This article appeared online at TheNewAmerican.com on Friday, April 29, 2016:
Venezuela is unable to pay its currency printers. Those printers have been flying in planeloads of currency in the middle of the night, landing at airports where it is offloaded onto trucks to be dispersed to banks throughout the country. In other words, Venezuela doesn't have the money to pay for its money.
The destruction of the currency, the bolivar fuerte (“strong bolivar”), has been documented at The New American and elsewhere. When oil prices dropped, so did revenues to fund the various socialist welfare schemes put in place by the communist Hugo Chávez and continued by his protégé, Nicolás Maduro, at Chavez's passing in March 2013. Instead of reining in those unaffordable programs, socialist economists instead decided to print their way out of the crisis.
The results were predictable, and catastrophic. The month before his death, Chávez devalued the currency from 2.15 bolivars to the dollar to 6.3. Last December it was devalued again, this time to 10 bolivars to the dollar. That was a mere hat tip to what was happening in what is left of the real economy. There, today, one American dollar — which would be difficult to find, with the foreign currency restrictions levied by the clueless totalitarians in charge — fetches almost 1,000 bolivars. One cigarette costs 100 bolivars. Shoppers take backpacks and gym bags stuffed with the currency with them in order to buy lunch.
This is starkly reminiscent of the hyperinflation in Germany following the First World War. During that time, a student in Freiburg University ordered a cup of coffee at a café. The price in the menu was 5,000 marks. He had two cups. When his bill arrived it was for 14,000 marks. When he complained he was told, “If you want to save money and you want two cups of coffee, you should order them both at the same.”
Just as printers can't keep up with the demand for Venezuela's paper bolivars, so they couldn't in Germany. A German factory worker described payday, which happened daily at 11 a.m.: “At 11:00 in the morning a siren sounded and everybody gathered in the factory forecourt where a five-ton lorry was drawn up loaded brimful with paper money. The chief cashier and his assistants climbed up on top. They read out names and just threw out bundles of notes. As soon as you had caught one you made a dash for the nearest shop and bought just anything that was going.”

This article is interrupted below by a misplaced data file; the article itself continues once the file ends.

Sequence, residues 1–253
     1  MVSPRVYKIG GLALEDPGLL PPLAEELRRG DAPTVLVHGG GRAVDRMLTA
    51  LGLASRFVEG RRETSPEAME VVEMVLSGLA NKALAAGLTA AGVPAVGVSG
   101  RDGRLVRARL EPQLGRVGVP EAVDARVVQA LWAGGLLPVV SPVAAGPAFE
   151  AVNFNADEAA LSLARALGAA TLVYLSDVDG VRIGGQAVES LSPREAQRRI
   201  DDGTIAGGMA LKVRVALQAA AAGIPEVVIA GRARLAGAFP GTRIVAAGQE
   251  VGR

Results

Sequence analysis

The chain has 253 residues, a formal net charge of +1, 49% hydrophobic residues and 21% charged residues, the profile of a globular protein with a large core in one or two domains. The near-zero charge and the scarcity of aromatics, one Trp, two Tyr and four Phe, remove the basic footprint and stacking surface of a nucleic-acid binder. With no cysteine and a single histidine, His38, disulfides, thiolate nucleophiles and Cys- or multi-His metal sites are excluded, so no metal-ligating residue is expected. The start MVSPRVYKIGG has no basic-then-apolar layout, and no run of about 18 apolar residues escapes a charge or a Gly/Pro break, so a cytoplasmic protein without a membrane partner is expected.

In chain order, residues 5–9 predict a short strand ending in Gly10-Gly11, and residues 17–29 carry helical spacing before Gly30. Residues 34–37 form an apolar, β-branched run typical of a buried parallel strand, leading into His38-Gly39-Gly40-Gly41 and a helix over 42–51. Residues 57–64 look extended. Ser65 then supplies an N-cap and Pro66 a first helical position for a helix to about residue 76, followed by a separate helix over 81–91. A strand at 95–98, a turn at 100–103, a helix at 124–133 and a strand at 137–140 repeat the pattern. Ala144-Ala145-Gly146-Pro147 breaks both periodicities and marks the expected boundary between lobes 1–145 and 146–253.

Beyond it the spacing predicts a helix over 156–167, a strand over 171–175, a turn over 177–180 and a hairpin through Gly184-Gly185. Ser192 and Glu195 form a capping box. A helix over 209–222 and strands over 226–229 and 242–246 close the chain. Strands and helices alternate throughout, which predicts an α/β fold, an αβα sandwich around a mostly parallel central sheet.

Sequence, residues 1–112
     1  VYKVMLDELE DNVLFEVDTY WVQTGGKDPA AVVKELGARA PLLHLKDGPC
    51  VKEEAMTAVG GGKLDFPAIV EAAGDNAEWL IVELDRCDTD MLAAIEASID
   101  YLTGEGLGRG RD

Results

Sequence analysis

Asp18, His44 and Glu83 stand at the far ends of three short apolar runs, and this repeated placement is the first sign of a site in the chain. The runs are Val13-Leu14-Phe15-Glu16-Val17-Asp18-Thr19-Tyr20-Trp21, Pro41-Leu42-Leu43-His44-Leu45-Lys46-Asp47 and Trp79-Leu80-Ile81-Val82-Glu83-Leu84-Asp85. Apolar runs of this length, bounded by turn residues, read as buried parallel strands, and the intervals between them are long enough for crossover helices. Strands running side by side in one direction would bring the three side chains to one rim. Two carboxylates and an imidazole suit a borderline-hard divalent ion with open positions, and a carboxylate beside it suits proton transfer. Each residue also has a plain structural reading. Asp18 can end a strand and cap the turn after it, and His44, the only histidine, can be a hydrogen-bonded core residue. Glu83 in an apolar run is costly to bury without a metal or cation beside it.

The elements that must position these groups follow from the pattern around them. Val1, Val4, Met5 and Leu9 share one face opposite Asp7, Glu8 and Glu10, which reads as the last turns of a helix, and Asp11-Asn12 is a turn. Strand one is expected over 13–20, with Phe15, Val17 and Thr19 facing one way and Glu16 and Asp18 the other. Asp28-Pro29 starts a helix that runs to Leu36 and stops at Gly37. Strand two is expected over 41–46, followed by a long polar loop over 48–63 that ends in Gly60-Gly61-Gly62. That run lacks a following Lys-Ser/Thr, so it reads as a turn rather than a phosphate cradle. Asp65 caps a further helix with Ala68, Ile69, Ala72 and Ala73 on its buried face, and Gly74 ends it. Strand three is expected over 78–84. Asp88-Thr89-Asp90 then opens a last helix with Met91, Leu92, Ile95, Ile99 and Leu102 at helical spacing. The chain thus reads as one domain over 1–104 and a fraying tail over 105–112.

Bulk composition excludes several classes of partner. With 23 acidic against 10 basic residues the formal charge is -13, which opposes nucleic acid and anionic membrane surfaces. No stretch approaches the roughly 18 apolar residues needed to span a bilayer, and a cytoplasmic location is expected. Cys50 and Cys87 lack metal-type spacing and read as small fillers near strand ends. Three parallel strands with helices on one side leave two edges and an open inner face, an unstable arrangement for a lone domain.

teachers, who were paid at 10 a.m., brought their bank notes to the schools' playgrounds, where relatives took the bundles and hurried off to shops to spend them before prices rose further.
Germans bought anything of value, even if they didn't need it: bric-a-brac, soap, hairpins, shirts, shoes (if they could find them) — essentially anything that they could in order to then barter for things they needed. Copper pipes and brass doorknobs weren't safe. Gasoline was siphoned from cars.
Venezuelans can expect similar experiences as the country's currency becomes totally worthless. The last time that happened, in 1989, the natives became restless and then-president Carlos Andrés Peréz suspended precious rights guaranteed in the constitution in order to “preserve public order” (read: to keep the regime in power). At that time citizens were subjected to unannounced raids on their homes in the middle of the night and arrested, many never to be heard from again. There were reports of murders and torture by the authorities running wild. The riots, referred to by historians as Caracazo (the “Caracas Smash”) set the stage for the rise to power of the regime under which Venezuelans suffer today.
One so-called expert on the ravages of hyperinflation, economics professor Steve Hanke at Johns Hopkins University, said that the best way to resolve the runaway inflation in Venezuela is simply to add some zeros to the currency, adding, “It's a very bad sign to see people running around with wheelbarrows full of money to buy a hot dog. Even the cash economy starts breaking down.”
Pearl Buck, the daughter of Chinese missionaries and author of the 1931 best-seller The Good Earth, visited Germany in 1923, and wrote about what she saw:
The cities were still there, the houses not yet bombed and in ruins, but the victims were millions of people. They had lost their fortunes, their savings; they were dazed and inflation-shocked and did not understand how it had happened to them and who the foe was who had defeated them. Yet they had lost their self-assurance, their feeling that they themselves could be the masters of their own lives if only they worked hard enough; and lost, too, were the old values of morals, of ethics, of decency.
This is the inevitable hollowing out of the country of Venezuela that is taking place now, thanks to 17 years of Chávez and Maduro's Socialist Party rule. The destruction will continue until the country is laid waste and forced back to barter resulting in starvation and violent revolution, or common sense is restored. The answer to which path Venezuelans take will shortly be revealed.